Q: I am seriously interested in the treehouse concept for construction of small rental units to cater to our increasing tourist influx. I live in the N.Ga. Mtns and have been building homes for several years but would really like to pursue this avenue. Having dealt with inspectors before that just can't seem to think outside the box, I've concluded the easiest approach would be to elevate the platforms on stilts to begin with and try to graduate into the full blown support using the abundant white & red oaks, fir trees and other large diameter trees. The stilts I know will solve the problem but, it seems to really kill the effect I am trying to capture. I am tired of seeing the mtn. sides raped with Dozers in order to put a basement in to build houses. Any comments or direction would be grateful. I have searched the web, researched the codes but can't seem to find a straight forward approach to this so as to submit to the locals without being shot down or spend a small fortune on engineering and then still be turn downed.
A: At this point we have almost four serious treehouse structures under our belt, with the last two being built in Connecticut, a state rich with code officials and loads of local ordinances. I say almost because were still finishing the last one, which is part of a luxury resort scheduled to open in January. Weve built in pines, red maples and oaks oaks are definitely the very best. Pines are the worst. Well, actually, elevated platforms are the very very worst. Weve built to comply with ADA (Americans Disability Act) and weve built to comply with all sorts of building, fire and environmental codes. Is there a trick? Im not sure. I think it helps that Im an architect who spent 20 years wearing a nail apron. I know a bit about how to work with inspectors. I think it helps that our award winning arborist is renown from coast to coast and that the trees are actually better off after weve executed his prescriptions. We also work with an engineer who thinks the entire concept is a no-brainer .of course most of his real work is water slides, so you have to remember his perspective. There are some additional tricks weve learned (developed) for dealing with multiple tree structures, heating, AC, lifting heavy loads, and supporting heavy loads like fireplaces. But we dont know everything; certainly not! Every tree is different and each one is a new game.
I should also add that we have been able to make each treehouse more sustainable than the last. There is no better way to teach people about the importance of sustainable design than getting them way up in a tree. What could be more clear? - if we dont accommodate our natural surroundings (the trees), we will inadvertently destroy them. If our tree sickens and dies, our building will also perish along with any profitable activity or fun we had planned for it.
Currently were very optimistic about designing a demonstration treehouse for a 90 acre woods owned by the city of Hamden in Connecticut. Those trying to preserve this little tract of trees want a treehouse which expresses and educates to be the centerpiece of their preserve. We are collaborating with the biology department of the local college to create placards and built-in demonstrations that will help illuminate the natural principles upon which any treehouse indeed any building - is based.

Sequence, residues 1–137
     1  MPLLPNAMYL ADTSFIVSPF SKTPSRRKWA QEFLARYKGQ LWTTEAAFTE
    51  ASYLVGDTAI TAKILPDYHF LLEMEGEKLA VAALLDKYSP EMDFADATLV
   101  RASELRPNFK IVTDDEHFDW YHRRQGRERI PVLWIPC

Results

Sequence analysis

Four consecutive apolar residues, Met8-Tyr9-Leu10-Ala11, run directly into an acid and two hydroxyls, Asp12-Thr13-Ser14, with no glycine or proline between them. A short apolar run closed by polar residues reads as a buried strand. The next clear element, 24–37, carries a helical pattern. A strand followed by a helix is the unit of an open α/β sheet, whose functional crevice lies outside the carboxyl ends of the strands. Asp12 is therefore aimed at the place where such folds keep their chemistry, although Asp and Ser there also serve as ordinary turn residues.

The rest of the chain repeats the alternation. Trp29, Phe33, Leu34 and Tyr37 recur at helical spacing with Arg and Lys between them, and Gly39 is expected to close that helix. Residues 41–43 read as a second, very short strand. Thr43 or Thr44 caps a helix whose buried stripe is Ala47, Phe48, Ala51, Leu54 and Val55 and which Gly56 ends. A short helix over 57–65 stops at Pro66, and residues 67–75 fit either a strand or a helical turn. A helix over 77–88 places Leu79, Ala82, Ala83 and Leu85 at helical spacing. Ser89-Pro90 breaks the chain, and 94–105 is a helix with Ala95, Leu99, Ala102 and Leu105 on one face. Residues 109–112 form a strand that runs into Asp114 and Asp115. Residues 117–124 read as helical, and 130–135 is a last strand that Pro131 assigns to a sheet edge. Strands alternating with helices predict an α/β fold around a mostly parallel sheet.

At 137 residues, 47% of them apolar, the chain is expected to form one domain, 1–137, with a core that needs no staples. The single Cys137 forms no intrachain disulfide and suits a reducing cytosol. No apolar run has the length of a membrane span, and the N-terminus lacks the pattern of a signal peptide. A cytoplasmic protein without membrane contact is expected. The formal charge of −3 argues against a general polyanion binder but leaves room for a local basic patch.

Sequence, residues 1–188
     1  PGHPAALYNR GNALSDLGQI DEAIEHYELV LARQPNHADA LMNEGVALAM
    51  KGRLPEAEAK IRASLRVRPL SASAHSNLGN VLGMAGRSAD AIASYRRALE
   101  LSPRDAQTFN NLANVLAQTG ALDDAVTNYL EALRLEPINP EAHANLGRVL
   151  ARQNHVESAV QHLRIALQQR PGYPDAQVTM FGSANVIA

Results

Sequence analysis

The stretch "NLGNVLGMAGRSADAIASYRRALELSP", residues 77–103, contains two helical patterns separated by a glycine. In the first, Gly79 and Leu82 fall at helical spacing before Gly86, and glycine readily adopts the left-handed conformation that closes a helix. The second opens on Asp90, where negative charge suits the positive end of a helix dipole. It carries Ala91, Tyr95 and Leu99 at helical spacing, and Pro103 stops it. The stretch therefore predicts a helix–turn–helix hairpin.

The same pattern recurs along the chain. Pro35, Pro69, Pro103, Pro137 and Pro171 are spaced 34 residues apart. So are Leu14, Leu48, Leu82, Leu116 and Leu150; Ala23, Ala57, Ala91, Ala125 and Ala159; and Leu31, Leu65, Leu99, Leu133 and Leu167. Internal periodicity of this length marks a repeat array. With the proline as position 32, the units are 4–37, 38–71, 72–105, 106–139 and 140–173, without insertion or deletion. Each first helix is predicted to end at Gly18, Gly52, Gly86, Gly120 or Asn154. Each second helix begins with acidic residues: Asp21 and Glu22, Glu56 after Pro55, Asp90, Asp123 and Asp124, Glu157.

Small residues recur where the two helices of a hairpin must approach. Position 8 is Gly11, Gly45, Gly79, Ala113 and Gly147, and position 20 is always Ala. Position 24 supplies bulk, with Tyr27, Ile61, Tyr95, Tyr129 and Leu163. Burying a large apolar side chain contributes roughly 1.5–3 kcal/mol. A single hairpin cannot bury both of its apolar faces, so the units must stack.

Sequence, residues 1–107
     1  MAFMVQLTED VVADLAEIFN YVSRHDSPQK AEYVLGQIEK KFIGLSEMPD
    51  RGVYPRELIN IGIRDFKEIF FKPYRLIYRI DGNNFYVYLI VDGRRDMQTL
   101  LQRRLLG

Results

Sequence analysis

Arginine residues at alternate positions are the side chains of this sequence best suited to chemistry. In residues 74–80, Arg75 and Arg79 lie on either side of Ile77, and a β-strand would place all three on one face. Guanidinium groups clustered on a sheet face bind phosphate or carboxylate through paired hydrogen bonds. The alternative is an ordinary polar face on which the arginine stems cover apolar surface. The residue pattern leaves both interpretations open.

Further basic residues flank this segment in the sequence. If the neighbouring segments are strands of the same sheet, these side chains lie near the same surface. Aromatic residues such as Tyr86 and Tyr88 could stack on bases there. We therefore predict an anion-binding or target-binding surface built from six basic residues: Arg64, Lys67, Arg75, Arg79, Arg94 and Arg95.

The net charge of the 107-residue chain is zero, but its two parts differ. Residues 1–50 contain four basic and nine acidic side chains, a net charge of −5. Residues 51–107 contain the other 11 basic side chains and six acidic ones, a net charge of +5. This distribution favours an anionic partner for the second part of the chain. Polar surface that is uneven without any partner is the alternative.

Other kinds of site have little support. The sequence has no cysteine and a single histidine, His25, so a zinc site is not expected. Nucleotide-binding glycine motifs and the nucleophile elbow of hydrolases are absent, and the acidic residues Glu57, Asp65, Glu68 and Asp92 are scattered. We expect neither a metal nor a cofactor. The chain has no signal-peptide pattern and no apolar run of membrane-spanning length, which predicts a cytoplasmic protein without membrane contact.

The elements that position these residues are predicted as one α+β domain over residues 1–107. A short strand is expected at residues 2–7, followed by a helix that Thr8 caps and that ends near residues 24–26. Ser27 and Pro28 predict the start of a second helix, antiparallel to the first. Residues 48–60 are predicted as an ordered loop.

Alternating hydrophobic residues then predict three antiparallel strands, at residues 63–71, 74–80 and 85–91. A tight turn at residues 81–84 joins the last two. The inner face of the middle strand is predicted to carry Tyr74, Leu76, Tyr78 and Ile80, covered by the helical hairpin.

Al, if youre serious about treehouses, you can shorten your learning curve considerably by taking advantage of ours. There are a few ways to do this. The most straight forward approach would be to hire us as architects. That way you get both engineering, tree assessment and design in one coherent package. We might also be able to help you with the construction though I should think that would be your department. In any event, were not really as expensive as you might think .or maybe we are. Im not sure what you mean when you say a fortune on engineering. But if you want to do it all yourself, then I suggest you go to the Yestermorrow School for a Sustainable Treehouse Workshop. We teach one every other year for avid do-it-yourselfers. These are mostly attended by experienced builders like yourself, as well as a few fathers using their 6 year olds as an excuse to realize a long overdue dream.
Q: My husband is trying to "break into" the alternative building industry. He has no experience in alternative building, but is fascinated by it and is very enthusiastic about getting into the field. (If it counts for anything, he helped his parents build their log home and has been making pottery most of his life.) Try as I might, I cannot find online listings of companies that build alternative homes. Is there such a list, or do you know of some companies that let hard-working and enthusiastic people "break in"?
A: You are a good partner to help your husband in this laudable redirection of his career. I'm sure there are many lists of construction firms that specialize in alternative design and construction, but they will all be local (or at best regional). I suggest you contact your local chapter of the NAHB (National Association of Home Builders) and see if they have such a list. Alternatively, you might contact/email the COTE (Committee on the Environment), an AIA committee focused on enlightened and sustainable building practices. Lastly, there may be a group of similar minded folks involved with your local Habitat for Humanity. I know they're always trying to make their buildings greener.